<p> Fishing boats were the mainstay of the business at first, but a sea change was coming. Water sports were growing in popularity, and sales of fiberglass speed boats and deck boats for cruising and skiing grew steadily.</p>

<p> Today, fishing boats and deck boats are still good sellers, but nothing matches pontoon boats. They represent around 75 percent of sales, said Wayne.</p>

<p> The business has also seen steady growth in the sales of accessories, such as electronics for boats. And boat docks and lifts and their installation is an important and steadily growing part of the business.</p>

<p> Much like Apol&rsquo;s of Raymond and its affiliation with Harley Davidson motorcycles, Tensen Marine has benefited by its relationship with Sylvan and Evinrude. Although Tensen Marine is located in a relatively small market area &mdash; as compared to metropolitan marine dealers &mdash; it remains important to the two big manufacturers, said Wayne. If Tensen Marine were to carry a number of different lines, its sales with each would be much smaller.</p>

<p> Providing good service is as important as good products in the marine industry, according to Tensen. Boat owners usually hold on to their craft for an average of 20 years. They depend on their local dealerships for the service to keep them running.</p>

<p> Many customers are repeat customers, said Tensen.</p>

<p> Customers come from all ages. While many firsttime boat owners are in their 20&rsquo;s, there are also plenty of folks who arrive in their retirement years looking to spend time on the water.</p>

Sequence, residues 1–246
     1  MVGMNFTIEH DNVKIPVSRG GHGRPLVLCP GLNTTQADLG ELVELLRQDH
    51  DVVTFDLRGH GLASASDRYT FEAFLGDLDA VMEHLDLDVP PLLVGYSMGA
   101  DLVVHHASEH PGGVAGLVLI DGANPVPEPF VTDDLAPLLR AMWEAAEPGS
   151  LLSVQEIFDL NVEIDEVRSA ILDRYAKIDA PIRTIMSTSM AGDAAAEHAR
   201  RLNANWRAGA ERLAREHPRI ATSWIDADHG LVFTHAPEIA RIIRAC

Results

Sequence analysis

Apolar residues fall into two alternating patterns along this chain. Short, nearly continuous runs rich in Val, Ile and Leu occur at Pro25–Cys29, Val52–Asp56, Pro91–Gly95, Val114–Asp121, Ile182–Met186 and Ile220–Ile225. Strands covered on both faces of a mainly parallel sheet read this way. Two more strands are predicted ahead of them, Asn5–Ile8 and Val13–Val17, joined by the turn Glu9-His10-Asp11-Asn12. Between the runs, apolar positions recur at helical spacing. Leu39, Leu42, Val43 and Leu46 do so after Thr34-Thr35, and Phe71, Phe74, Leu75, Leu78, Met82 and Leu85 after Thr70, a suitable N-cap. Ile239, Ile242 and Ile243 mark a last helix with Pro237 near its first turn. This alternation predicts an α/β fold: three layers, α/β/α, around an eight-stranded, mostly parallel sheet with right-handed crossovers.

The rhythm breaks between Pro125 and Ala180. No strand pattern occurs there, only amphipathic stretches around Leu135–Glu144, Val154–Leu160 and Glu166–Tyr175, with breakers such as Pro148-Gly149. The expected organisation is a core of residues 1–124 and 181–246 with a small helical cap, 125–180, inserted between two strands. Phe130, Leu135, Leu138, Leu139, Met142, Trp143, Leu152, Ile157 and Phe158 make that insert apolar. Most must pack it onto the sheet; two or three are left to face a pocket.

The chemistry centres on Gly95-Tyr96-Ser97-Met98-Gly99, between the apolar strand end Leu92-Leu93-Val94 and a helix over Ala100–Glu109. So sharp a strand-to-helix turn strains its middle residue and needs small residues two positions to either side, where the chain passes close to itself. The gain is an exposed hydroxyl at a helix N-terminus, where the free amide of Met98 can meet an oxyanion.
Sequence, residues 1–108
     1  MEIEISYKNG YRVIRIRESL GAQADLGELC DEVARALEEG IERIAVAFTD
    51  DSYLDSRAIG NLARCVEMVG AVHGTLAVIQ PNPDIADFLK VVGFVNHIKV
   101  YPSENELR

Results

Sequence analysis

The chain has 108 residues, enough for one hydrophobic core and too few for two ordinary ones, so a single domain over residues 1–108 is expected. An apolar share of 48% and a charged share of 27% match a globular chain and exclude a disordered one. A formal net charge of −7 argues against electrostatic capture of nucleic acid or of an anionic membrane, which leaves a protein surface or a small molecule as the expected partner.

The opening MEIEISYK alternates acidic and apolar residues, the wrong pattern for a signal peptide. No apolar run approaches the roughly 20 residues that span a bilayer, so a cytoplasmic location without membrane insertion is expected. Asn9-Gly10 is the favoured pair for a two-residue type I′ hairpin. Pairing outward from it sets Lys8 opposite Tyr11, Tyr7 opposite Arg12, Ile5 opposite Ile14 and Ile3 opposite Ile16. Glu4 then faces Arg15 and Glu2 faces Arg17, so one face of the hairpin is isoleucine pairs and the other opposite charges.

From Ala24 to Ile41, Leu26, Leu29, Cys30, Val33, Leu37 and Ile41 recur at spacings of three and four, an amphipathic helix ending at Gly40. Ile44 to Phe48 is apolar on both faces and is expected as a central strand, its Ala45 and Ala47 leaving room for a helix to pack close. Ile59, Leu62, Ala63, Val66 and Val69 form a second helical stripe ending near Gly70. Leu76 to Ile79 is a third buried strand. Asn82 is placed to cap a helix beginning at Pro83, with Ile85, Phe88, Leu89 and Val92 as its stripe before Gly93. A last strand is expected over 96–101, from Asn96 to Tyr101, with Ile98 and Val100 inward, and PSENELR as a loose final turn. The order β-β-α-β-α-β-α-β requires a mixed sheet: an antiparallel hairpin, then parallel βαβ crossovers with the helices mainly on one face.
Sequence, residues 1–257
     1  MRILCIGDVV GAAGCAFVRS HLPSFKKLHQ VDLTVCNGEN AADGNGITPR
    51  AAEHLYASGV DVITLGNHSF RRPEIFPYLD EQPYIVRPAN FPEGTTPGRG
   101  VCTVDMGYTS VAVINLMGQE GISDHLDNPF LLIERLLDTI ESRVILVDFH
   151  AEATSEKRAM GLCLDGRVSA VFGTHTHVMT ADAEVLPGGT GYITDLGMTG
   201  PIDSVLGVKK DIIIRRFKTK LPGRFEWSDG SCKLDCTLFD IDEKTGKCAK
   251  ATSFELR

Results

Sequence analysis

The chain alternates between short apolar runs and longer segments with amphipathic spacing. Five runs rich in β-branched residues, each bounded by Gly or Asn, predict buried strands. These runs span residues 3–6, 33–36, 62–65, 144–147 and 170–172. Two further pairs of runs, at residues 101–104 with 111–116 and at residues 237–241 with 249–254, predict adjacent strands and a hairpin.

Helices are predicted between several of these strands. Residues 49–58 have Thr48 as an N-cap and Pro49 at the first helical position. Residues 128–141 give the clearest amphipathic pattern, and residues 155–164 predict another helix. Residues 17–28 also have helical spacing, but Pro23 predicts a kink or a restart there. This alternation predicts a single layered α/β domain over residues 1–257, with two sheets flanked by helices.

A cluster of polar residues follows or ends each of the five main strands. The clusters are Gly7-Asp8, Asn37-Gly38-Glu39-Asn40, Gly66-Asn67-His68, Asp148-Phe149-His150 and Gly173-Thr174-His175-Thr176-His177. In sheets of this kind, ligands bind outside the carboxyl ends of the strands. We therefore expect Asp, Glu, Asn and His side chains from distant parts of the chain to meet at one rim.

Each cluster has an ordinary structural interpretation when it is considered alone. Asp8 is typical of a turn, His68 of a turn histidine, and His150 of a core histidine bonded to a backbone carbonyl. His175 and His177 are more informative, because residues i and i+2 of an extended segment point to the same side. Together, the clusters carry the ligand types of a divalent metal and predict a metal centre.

<p> Not too long ago, Tensen sold a boat to a 95-year-old man. &ldquo;He said he wanted to buy a boat because the kids don&rsquo;t have one. When they don&rsquo;t have one, they don&rsquo;t take me fishing. If I buy one I can say they can use it if they take me fishing.&rdquo;</p>

<p> Being surrounded by all of the farm fields of west central Minnesota remains important to the business. The boat industry has seen its ups and downs, especially during the recession. A strong farm economy has helped this business stay on an even keel. And when sales of new boats go down, service work increases as people keep their older boats seaworthy.</p>

<p> Tensen said the area is served by a number of marine businesses, but he doesn&rsquo;t look at the other dealers as the only competition, by no means. The bigger competition is really the ever growing competition for our recreational time and money by other industries, such as golfing, all-terrain vehicles or motorcycles, he said.</p>

<p> He remains optimistic looking ahead. This is a region that has always enjoyed water sports, and Kandiyohi County offers great waters &mdash; and the access needed &mdash; to enjoy them.</p>

<p> All of which helps explain how the one-building operation that Arlie Tensen started amidst corn fields in 1974 now consists of seven buildings and a full-time work force of nine, not counting seasonal workers.</p>

Tom Cherveny

Tom Cherveny is a regional and outdoor reporter with the West Central Tribune in Willmar, MN.

(320) 214-4335